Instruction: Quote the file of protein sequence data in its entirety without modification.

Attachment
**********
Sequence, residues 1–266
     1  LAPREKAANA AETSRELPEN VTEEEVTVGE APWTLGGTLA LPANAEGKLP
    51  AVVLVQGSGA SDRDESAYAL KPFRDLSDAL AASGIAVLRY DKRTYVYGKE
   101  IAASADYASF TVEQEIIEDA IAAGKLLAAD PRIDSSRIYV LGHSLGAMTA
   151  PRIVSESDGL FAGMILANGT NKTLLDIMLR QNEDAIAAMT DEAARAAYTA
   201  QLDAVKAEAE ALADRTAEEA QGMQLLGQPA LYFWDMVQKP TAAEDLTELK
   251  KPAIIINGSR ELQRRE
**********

Sequence, residues 1–266
     1  LAPREKAANA AETSRELPEN VTEEEVTVGE APWTLGGTLA LPANAEGKLP
    51  AVVLVQGSGA SDRDESAYAL KPFRDLSDAL AASGIAVLRY DKRTYVYGKE
   101  IAASADYASF TVEQEIIEDA IAAGKLLAAD PRIDSSRIYV LGHSLGAMTA
   151  PRIVSESDGL FAGMILANGT NKTLLDIMLR QNEDAIAAMT DEAARAAYTA
   201  QLDAVKAEAE ALADRTAEEA QGMQLLGQPA LYFWDMVQKP TAAEDLTELK
   251  KPAIIINGSR ELQRRE